Wednesday Iran Talking Points

from LobeLog: News and Views Relevant to U.S.-Iran relations for August 25th, 2010:

Washington Times: In an editorial, the hawkish daily chronicles what it calls, “Iran’s emergence as a regional hegemon,” based on its slowly advancing nuclear program and its unveiling of a new line of unmanned aircraft. The editorial cites the Israeli Foreign Ministry in saying that the developments are “totally unacceptable” and wonders if the term means as much to President Obama. Coyly attributing two recent mysterious events to Israeli subversion, the Times takes comfort that “perhaps ‘unacceptable’ means something after all.”

Foreign Policy: On FP’s “Shadow Government” blog, the Foreign Policy Initiative’s Jamie Fly admits that the new Iranian reactor at Bushehr “fails to meet the hype,” but nonetheless reveals a failure in U.S.-Iran policy. He says, “a serious exploration of new options, including the military option, is thus in order if the United States remains unwilling to accept a nuclear Iran.” Fly also disapprovingly notes Russia’s complicity in the reactor’s start-up, and raises questions about Iran’s nuclear time line. On the latter point, Fly wonders “how close Iran should be allowed to get to a nuclear capability before military action is taken.”

Commentary: On the “Contentions” blog, prolific über-hawk Jennifer Rubin riffs on a Bret Stephens Wall Street Journal column asserting that the United States didn’t act soon enough to remove Saddam Hussein in Iraq. She extends the logic of Stephens’ “Twenty Years War” with Iraq to the “the Thirty-One Years War that Iran has waged against the United States and the West,” urging Obama “to finally engage the enemy, thwart Iran’s nuclear ambitions, and commit ourselves to regime change.” She concludes with a note that recalls the measures taken against Iraq by Bill Clinton, which laid the groundwork for Bush’s war there: “But perhaps, if Israel buys the world sufficient time (yes, we are down to whether the Jewish state will pick up the slack for the sleeping superpower), the next president will.”

Huffington Post: Conservative pundit Tony Blankley lists differences between “1938ers” — those who believe it’s always 1938 and Hitler always lurks around the corner — and the Obama administration’s policies. “So the question today is not whether to appease Iran or not — but whether Iran is appeasable. And if not appeasable, whether its threat can be defeated with acceptable costs,” writes Blankley. He concludes that Obama’s strategy is based on “wishful thinking, at best,” and that, “the grim assessment of the 1938ers seems sadly more realistic.”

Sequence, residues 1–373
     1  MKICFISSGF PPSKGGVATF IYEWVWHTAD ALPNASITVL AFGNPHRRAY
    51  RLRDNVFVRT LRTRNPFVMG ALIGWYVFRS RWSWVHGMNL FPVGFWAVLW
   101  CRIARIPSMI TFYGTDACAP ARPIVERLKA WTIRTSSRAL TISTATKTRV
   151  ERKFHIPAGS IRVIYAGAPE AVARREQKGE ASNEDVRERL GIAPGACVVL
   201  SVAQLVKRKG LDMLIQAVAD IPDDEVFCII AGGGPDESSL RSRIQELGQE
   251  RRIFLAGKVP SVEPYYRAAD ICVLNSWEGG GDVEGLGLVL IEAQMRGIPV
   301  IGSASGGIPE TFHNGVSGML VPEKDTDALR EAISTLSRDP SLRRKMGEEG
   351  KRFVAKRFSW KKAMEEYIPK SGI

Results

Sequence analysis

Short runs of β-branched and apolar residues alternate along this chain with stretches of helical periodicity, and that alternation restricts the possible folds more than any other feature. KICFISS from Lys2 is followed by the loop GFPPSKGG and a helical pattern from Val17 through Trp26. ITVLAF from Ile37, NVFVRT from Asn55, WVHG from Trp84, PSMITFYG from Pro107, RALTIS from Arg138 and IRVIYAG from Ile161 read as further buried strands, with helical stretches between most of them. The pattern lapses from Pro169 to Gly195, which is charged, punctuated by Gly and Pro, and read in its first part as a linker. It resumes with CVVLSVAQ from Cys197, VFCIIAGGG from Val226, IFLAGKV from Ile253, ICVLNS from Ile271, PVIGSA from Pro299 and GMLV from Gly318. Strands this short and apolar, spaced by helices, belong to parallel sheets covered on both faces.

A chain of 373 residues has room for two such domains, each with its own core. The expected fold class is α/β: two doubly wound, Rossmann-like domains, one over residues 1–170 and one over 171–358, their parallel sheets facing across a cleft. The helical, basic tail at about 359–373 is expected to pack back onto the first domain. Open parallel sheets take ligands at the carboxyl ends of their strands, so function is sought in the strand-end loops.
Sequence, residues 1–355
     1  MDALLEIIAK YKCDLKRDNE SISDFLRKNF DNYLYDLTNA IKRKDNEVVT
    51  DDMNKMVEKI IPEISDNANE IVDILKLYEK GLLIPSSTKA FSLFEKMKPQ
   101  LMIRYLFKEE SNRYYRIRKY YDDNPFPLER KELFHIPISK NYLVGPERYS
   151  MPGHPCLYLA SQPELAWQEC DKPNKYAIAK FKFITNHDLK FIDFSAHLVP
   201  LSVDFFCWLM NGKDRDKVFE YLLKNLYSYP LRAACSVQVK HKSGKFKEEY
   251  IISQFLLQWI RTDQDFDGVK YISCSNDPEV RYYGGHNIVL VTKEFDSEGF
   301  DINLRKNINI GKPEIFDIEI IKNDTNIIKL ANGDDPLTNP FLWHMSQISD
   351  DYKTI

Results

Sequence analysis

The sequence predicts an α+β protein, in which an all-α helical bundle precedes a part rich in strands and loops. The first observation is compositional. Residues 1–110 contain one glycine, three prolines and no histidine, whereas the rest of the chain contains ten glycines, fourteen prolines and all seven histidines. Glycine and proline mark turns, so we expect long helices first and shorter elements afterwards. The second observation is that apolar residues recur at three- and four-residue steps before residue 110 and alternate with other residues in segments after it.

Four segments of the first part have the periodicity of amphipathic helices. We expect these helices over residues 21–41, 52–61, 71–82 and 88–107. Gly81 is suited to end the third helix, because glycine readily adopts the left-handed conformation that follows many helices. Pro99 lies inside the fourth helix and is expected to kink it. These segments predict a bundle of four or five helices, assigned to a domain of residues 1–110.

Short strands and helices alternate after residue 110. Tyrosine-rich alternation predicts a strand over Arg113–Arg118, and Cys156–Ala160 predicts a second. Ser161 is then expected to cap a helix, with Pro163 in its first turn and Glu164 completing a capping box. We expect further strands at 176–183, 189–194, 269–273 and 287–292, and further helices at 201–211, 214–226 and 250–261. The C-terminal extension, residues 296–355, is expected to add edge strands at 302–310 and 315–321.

Author: Ali Gharib

Visit for the latest news analysis and commentary from Ali Gharib and Inter Press News Service's Washington bureau chief Jim Lobe.

6 thoughts on “Wednesday Iran Talking Points”

  1. “Blankley” is the perfect adverb for his mental condition. He calls any possible Iranian retaliation for a US attack “terroristic.” What the hell would we call the US attack since it would be preventive, not defensive?

    Go through the list the Blankman files for the “1938ers.” It’s a pack of lies, distortions, and unsupported conjecture. Yet he calls opponents’ criticisms as mostly wishful thinking. So let me pose this quite serious question: When and how did ignorant morons and knaves come to dominate the news and opinion media? Can it be that the American public is equally moronic and thus favors those who cater to it?

    For the love of God, read Cal Thomas’s recent column on the latest round of talks between Israel and the Palestinians if you want a serious dollop of uninformed imbecility and bias passing as logical thinking. That he’s one of America’s most popular columnists seems to support the notion that stupid is as stupid does.

    1. Ditto on the Idiot Blankley. Mr Fly at Foreign Policy is more slickly mendacious, admitting that the Bushehr brouhaha was nothing more than a tempest-in-a-teapot, but without admitting that conventional light water reactors like Bushehr are useless for producing weapons, and somehow forgetting to mention that Iran's whole nuclear power program is under IAEA safeguards. He instead hints of vague and dark threats. Different levels of propaganda to influence different levels of opinion. Neocons are expert at this.

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